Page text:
* * *Many of you know that I am passionate about a cappella; after performing for over 15 years and working for Varsity Vocals (the people who bring you the International Championship of Collegiate A Cappella or “ICCA”) it’s pretty much just ingrained at this point. Adam kindly asked me to write some recaps/commentary about the shows as they air this season, and I hope to bring you a bit of insider perspective. General caveat: I do know some of the performers in this season, and am friendly with many of the behind-the-scenes producers and arrangers for the show. I’m going to try not to get too technical or, well, horribly snarky, but the jaded part might take over. Many, many thanks to Marsha for covering this beat for the past three seasons.
We roll right from The Voice into an big group opening number, and I know I’m already screwed: the song is “Some Nights” by fun., which I declared last year to be the most overdone song in a cappella. (Seriously – I made an agreement with a friend that he would donate $1 to the charity of my choice for every “Some Nights” cover from a different a cappella group that I could find on YouTube. I stopped at $160 because I couldn’t take it anymore.) For a show that is routinely called the most honestly earnest of the singing competitions, I suppose that’s fine. There’s lots of pops of color in the clothing, as expected, along with snazzy college blazers. Yep, it’s definitely The Sing-Off!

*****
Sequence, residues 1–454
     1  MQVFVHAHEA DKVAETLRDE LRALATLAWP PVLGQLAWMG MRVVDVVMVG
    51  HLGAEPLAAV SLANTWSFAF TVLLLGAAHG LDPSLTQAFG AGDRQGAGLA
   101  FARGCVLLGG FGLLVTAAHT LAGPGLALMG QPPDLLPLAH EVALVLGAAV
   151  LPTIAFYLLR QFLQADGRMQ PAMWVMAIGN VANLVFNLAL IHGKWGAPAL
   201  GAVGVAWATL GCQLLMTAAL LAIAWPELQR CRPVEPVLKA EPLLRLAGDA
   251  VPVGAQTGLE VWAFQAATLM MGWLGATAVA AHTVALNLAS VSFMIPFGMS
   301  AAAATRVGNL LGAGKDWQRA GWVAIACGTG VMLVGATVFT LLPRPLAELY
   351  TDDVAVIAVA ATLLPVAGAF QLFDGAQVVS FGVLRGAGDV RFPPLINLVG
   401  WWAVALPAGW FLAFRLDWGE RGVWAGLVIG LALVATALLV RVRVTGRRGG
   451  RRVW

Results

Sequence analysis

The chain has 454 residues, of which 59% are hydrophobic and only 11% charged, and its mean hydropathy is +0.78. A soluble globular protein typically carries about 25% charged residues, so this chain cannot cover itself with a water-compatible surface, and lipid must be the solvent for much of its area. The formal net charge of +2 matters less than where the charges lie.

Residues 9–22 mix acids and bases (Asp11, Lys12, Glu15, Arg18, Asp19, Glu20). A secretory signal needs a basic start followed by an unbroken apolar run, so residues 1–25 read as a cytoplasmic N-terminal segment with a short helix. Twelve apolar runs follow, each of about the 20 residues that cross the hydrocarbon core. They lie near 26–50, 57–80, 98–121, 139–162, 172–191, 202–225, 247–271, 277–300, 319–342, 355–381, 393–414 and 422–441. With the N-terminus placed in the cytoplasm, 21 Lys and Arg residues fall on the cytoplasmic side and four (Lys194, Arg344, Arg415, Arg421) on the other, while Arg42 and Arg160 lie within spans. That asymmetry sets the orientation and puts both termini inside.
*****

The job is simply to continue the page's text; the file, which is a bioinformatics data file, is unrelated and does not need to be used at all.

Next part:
Out comes Nick Lachey, king of bad acapuns to tell us that this show features “no guitars, no bands, just voices.” Nick introduces the judges: back for Season Four are Ben Folds and Shawn Stockman (Ben jokes he was stored with the set for the past two years.) Jewel joins the judges this year in the role of “female judge.”
First up is Vocal Rush, from Oakland, CA. They’re a high school group, and have won the International Championship of High School A Cappella for the past two years. We get a shot of their director screaming in the audience (hi Lisa!) and then they sing “Bottom of the River” by Delta Rae. I've heard them sing this before (in competition) but it is better than ever: sultry solos, a phenomenal female vocal percussionist, and an awesome step dancing breakdown in the middle. I spot Sarah Vela back in the group, their former Best Soloist from their ICHSA run in 2012. I hope we’ll get to see her solo this season – she’s stellar. Ben says in the judging they used “bilabial plosives.” Oh boy. It’s gonna be that kind of a season.